We had a frank and illuminating conversation with the man from Aston Manor who showed a genuine interest in exploring how the company’s products, notably Frosty Jack’s, could become less harmful to those heavily addicted to high strength alcohol. Then, unexpectedly, we entered into a bizarre exchange concerning what he believed to be the changing profile of Frosty Jack’s consumers and drinking behaviours. He explained that the purchasers of Frosty Jack’s were becoming increasingly diverse with evidence that it was now being taken to dinner parties, no longer encumbered by connotations of ‘park bench’ drinking. The quick grin that I expected to follow, indicating that I was on the receiving end of some self-deprecating humour didn’t come. This, it seemed, was a seriously held view.

Before our meeting I had entered ‘Frosty Jack’s’ as a Twitter search and was unsurprised to see that the bulk of the comments focused on excessive drinking and regretful inebriation. The butt of the jokes were people on low incomes with perceived poor taste and young people below the age when they can legally purchase alcohol, typically drinking Frosty Jack’s clandestinely in the park. The language used included: ‘low life’, ‘dossers’ and ‘chavs’. The executive from Aston Manor seemed genuinely disappointed to hear this. Privately I reflected that delusional beliefs associated with alcohol are not just the preserve of the addicted.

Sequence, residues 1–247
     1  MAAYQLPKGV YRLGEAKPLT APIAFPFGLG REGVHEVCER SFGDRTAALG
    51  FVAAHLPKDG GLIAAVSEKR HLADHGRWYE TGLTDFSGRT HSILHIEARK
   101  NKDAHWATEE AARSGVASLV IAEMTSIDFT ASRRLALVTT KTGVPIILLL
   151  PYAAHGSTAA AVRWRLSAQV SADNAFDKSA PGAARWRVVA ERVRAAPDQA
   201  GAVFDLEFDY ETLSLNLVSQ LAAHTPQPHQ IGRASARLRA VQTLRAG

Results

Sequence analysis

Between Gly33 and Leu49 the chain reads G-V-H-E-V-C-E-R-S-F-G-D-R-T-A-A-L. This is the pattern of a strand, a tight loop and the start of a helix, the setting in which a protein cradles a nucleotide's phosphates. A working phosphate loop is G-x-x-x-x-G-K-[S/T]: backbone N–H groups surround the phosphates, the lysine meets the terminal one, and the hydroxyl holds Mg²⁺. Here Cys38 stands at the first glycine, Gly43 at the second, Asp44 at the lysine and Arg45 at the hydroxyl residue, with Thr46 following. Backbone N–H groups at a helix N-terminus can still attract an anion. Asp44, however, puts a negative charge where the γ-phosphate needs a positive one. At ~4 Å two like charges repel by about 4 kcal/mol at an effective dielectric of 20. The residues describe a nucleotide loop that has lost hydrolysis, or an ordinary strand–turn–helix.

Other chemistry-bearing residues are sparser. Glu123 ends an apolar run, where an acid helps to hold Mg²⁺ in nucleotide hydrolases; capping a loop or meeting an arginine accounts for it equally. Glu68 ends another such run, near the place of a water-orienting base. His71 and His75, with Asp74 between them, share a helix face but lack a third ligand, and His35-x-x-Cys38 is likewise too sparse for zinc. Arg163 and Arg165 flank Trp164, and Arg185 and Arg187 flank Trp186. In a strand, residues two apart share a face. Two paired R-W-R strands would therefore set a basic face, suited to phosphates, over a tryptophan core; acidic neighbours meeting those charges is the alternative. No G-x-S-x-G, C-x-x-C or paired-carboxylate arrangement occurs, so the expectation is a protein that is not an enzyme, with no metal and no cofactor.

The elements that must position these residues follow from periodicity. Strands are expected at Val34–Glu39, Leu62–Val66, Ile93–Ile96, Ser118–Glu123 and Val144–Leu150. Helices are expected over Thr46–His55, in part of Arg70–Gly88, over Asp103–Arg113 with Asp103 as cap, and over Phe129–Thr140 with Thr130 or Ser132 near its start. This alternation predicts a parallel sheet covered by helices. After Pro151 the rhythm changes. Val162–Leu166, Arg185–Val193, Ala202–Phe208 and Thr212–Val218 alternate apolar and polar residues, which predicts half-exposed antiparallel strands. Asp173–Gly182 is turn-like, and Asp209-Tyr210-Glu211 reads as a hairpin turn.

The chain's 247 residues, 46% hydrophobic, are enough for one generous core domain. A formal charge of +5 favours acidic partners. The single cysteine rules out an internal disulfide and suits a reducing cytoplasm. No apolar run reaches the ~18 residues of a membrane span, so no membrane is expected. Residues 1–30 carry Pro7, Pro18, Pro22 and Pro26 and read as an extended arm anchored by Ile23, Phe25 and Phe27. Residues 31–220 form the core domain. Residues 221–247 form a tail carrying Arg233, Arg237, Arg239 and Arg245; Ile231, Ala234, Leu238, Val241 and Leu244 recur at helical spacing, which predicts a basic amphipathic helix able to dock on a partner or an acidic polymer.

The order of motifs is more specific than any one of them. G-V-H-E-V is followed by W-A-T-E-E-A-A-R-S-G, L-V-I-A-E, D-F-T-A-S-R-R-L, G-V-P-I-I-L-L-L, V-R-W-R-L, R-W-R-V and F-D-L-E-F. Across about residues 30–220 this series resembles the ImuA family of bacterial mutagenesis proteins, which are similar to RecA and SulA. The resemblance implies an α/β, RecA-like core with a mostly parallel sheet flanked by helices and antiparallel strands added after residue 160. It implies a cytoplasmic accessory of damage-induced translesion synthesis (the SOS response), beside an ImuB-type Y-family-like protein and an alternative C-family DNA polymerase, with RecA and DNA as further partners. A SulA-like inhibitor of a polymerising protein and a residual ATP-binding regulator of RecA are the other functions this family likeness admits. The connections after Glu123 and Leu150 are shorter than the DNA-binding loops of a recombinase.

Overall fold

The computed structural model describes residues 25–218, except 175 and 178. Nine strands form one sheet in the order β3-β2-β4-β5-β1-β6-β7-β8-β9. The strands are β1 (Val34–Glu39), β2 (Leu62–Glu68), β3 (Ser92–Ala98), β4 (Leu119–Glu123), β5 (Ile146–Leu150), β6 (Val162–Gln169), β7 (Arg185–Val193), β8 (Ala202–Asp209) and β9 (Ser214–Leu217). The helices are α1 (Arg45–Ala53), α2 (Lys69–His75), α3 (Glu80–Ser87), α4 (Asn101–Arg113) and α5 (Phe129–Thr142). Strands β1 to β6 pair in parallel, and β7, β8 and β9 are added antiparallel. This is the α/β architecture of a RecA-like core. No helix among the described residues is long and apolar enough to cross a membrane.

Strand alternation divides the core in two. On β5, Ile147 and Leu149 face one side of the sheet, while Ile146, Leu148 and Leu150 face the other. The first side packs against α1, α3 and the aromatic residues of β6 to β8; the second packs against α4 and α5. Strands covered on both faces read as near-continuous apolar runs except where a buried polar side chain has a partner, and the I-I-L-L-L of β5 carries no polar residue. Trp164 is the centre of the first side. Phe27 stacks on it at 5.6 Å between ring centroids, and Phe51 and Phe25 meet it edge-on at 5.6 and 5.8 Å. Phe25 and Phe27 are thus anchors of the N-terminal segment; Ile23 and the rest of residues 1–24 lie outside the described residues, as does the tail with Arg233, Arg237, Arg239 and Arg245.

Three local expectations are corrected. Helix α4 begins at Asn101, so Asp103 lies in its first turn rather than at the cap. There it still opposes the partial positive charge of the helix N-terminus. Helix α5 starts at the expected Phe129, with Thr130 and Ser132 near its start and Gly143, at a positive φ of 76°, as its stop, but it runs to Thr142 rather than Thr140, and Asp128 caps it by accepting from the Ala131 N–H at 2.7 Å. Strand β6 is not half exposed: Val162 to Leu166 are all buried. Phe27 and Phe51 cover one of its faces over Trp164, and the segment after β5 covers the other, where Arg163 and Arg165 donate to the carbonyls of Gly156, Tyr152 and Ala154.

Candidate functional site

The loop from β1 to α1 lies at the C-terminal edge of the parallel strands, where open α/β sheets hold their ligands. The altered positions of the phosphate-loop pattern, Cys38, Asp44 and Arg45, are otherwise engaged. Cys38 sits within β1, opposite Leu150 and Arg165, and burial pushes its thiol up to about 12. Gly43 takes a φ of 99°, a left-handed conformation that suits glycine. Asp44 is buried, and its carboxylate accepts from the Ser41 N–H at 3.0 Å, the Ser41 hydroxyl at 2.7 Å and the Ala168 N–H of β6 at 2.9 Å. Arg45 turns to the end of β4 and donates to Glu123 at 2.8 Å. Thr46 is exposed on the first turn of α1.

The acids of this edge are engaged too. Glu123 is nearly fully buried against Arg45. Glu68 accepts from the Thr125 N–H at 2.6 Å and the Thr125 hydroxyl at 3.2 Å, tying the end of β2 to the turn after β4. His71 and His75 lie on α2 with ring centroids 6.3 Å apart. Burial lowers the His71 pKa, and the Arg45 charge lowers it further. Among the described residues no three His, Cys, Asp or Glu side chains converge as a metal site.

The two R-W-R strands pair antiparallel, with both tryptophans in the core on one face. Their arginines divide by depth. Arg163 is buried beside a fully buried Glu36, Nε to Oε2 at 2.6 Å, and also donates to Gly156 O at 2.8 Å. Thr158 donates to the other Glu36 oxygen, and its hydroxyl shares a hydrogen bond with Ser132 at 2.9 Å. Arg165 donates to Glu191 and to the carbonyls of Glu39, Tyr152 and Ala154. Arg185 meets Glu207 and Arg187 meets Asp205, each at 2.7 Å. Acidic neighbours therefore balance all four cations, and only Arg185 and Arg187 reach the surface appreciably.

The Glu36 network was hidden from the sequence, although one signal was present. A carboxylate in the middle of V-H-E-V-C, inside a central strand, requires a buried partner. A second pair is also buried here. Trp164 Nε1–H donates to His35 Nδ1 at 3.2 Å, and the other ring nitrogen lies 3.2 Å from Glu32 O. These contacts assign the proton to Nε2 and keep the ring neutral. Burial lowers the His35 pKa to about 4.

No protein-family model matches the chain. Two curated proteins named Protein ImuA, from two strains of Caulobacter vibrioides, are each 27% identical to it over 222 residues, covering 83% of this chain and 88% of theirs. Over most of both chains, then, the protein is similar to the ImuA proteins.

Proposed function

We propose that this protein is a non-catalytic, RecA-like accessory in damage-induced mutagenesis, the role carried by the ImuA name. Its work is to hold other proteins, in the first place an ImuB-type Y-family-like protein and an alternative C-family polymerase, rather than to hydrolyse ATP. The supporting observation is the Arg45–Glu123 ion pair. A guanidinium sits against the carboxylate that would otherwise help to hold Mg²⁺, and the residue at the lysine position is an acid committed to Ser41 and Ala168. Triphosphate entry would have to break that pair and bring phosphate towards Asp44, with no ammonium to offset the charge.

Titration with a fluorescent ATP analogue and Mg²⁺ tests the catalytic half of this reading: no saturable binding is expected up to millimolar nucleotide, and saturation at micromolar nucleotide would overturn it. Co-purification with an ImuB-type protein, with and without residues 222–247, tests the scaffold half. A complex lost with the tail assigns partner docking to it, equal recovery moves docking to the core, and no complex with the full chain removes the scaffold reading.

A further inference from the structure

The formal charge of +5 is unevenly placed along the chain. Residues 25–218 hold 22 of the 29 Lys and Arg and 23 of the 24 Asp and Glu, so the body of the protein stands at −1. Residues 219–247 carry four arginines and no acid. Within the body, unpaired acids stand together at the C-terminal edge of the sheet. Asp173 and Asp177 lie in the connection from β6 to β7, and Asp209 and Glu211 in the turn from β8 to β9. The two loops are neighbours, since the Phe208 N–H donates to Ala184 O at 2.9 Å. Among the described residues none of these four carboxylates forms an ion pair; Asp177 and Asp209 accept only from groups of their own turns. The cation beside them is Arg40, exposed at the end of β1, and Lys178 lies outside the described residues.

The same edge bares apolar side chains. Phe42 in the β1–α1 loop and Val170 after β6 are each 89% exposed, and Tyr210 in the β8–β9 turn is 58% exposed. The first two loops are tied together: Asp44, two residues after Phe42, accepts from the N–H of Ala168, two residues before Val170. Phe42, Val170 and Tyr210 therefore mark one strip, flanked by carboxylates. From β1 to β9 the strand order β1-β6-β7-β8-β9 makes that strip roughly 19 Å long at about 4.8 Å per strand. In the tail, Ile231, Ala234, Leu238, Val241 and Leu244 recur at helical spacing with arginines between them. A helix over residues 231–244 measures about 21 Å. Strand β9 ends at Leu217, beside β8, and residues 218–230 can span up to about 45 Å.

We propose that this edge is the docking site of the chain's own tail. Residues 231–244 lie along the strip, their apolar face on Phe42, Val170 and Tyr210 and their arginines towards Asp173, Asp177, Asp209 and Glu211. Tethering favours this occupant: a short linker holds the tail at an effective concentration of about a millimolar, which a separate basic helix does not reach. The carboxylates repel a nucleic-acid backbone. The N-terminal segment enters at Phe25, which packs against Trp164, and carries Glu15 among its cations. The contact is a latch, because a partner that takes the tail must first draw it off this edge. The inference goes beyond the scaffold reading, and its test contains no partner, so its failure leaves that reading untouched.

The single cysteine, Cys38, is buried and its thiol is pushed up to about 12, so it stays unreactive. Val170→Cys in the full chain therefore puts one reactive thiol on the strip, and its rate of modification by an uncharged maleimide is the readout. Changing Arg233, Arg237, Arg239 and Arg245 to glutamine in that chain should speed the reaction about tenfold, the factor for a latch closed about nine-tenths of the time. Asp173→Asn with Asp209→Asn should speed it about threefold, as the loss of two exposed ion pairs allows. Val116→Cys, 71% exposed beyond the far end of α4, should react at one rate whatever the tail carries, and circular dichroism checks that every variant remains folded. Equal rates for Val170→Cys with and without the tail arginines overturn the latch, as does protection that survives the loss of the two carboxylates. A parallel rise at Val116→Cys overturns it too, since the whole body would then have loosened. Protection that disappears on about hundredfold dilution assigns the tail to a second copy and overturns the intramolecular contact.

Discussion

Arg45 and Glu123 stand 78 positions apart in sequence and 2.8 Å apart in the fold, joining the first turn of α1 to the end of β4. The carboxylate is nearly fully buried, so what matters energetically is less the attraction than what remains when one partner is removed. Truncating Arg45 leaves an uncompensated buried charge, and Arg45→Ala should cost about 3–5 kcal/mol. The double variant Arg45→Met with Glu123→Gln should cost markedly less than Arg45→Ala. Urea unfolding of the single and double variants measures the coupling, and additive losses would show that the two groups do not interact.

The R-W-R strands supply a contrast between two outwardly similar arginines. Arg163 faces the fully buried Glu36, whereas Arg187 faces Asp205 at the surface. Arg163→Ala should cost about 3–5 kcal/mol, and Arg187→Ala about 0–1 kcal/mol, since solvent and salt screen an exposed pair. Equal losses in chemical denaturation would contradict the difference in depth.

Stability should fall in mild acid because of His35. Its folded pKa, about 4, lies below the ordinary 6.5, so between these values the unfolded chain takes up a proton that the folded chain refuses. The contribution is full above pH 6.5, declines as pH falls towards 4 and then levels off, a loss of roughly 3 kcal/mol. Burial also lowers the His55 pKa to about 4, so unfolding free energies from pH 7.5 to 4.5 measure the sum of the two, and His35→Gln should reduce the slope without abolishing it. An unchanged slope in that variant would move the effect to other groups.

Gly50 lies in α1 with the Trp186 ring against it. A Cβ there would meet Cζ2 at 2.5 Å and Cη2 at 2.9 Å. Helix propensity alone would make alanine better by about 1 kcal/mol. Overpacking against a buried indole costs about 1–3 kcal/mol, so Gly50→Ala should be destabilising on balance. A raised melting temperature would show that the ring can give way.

The campaign to reduce the damage caused by high strength ciders has had some impact on government which has formally consulted on the levels of duty that should be applied to the products. Supported by the Alcohol Health Alliance, we have made our submission and await the government’s response, hoping that a rise in duty and subsequent increase in price will result. We know that if this can be achieved it will create the impetus to move dependent drinkers to lower strength, less damaging brands.

The step of moving from a high strength cider to one with half the ABV may seem inconsequential, but in the frontline battle to help people live long and fulfilling lives instead of short, embittered and painful ones, it is crucial. Sometimes we get a breakthrough. Last week, my colleague Dave told me with pride about how his team had successfully ‘weaned’ hostel resident Jimmy off of K cider onto a 3% brand. Jimmy was well known for frequently being so disorientated that he needed to ask staff whether it was morning or evening. After only two weeks on the lower strength cider he was eating better, keeping himself clean, not wetting his bed and, to Dave’s considerable relief, ‘not kicking off at the drop of a hat’.

In his Budget statement on 22 November, the Chancellor is likely to announce the outcome of the consultation on high strength cider duty. Hopefully he will tell us that he is increasing the level of duty which will almost certainly lead to an increase in the price of products like Frosty Jack’s. If he does, he will be handing people like Jimmy a lifeline.

Adapted from the Ending Homelessness in London blog written by Jeremy Swain, Chief Executive of Thames Reach, a charity working with homeless and socially excluded people. Original article was published on 30 October 2017.

All IAS Blogposts are published with the permission of the author. The views expressed are solely the author's own and do not necessarily represent the views of the Institute of Alcohol Studies.